This section is from the book "Materia Medica And Therapeutics - Vegetable Kingdom", by Charles D. F. Phillips. Also available from Amazon: Materia Medica And Therapeutics: Vegetable Kingdom.
Active Ingredients. - Analysis proves the constituents of igna-tia seeds to be similar to those of nux-vomica, though in different proportions.
Physiological Action. - Given in small doses, gradually increased to a poisonous quantity, the symptoms which ignatia produces are as follows: Increase of the salivary secretion, nausea, heaviness, giddiness, headache, pain in the stomach, flatulence, a feeling in the limbs as if they had gone to sleep, accompanied by great weakness and twitchings throughout the body; constipation at first, and diarrhoea later on; constriction about the throat, numbness, torpor, mental depression, twitching of muscles, tetanic spasms; a feeling of intense anguish at the pit of the stomach; convulsions; cold sweats; and finally death by dyspnoea or asphyxia.
Therapeutic Action. - St. Ignatius' bean contains a much larger amount of strychnia than the strychnos nux-vomica, yet its effects are not identical with, though somewhat similar to, those of the latter.
(There is a very decided difference between the finer effects of ignatia and nux-vomica that is not explainable by the results of chemical analysis; comparative clinical experience, however, will quickly demonstrate this to the careful observer. The two drugs are by no means interchangeable.)
Ignatia is useful in many cases of hysteria, where the patient suffers from a feeling of suffocation, and a sensation as of a ball rising to the throat, whether or not attended by the usual symptoms of an ordinary hysterical paroxysm. It not only relieves the convulsive attacks, but in most instances prolongs the interval between them, and frequently prevents their return. Its effects are considerable in controlling, and even permanently removing, the convulsive bursts of crying or laughing, as well as the hiccough, the flatulent distention, and the general hyperaes-thesia (or the morbid increase of sensibility of the tissues). The intercostal neuralgia, so common in hysteria, is quickly removed by the agency of this drug; also clavus hystericus, the acute pain in the head, as if a nail were being driven into it. Where there is great mental excitement or depression, ignatia has a soothing effect. In hysterical women with whom aphonia frequently occurs, with few or no traces of catamenia, and often accompanied by profuse leucorrhœa, the symptoms named all disappear after a steady course of this medicine. It also corrects diseased appetite. I have often, with the happiest effect, used ignatia in the convulsions of children arising from intestinal irritation, such as worms or undigested food, but unattended with cerebral congestion. (In sleeplessness resulting from nervous erethism, ignatia in small doses will often afford relief more promptly and satisfactorily than morphia, and without the disagreeable after-effects of the latter. We have found it exert a marked control over the nervous exaltation that sometimes follows the prolonged use of quinine. Of all remedies with which we are acquainted it is par excellence the controller of functional phenomena of the cerebro-spinal axis. In large doses it excites, in small doses diminishes, the irritability of this organ.)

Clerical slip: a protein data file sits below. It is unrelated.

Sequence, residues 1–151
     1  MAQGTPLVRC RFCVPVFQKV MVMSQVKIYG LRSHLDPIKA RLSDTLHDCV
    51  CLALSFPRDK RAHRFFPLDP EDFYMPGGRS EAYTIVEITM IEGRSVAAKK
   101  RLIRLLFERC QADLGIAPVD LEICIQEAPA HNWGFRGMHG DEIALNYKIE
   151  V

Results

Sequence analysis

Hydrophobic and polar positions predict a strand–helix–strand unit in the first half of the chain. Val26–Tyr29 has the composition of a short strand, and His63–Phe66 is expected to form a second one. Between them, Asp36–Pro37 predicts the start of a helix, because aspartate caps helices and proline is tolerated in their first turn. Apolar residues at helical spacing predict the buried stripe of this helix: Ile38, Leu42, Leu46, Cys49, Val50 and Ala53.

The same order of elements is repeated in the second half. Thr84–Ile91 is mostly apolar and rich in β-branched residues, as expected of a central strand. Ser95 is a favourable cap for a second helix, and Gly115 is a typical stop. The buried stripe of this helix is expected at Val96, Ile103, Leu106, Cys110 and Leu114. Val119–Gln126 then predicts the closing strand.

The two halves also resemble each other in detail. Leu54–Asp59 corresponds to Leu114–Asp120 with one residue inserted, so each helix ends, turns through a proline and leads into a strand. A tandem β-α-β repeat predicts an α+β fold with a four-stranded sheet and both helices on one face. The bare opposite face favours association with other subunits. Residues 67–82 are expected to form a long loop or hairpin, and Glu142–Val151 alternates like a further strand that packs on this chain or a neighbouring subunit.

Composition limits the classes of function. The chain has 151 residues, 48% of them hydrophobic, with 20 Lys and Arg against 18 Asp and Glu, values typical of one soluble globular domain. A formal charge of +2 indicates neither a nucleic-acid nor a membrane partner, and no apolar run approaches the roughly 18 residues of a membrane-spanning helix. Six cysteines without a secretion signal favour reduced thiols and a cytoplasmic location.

The constituents of the lignum colubrinum of Timor, the produce of the Strychnos Ugustrina, correspond with those of ignatia; and as this lignum colubrinum is held by the natives in great estimation as a cure for neuralgia and for paralysis of the lower extremities, I do not see why ignatia should not be tried in similar cases, on a more extended scale, and perhaps be proved to be a successful agent.
Ignatia is useful also in the treatment of dyspepsia, hypochondriasis, and various nervous affections. Of the two preparations of ignatia in use I prefer the tincture.
Preparations And Dose. - The only officinial preparation is the Extractum Ignatiae, the dose of which is somewhat less than that of nux-vomica, and should be large or small according to the kind of effect we desire to produce. The extract commonly dispensed is not, in our experience, a trustworthy preparation. We agree with the author in preferring a tincture.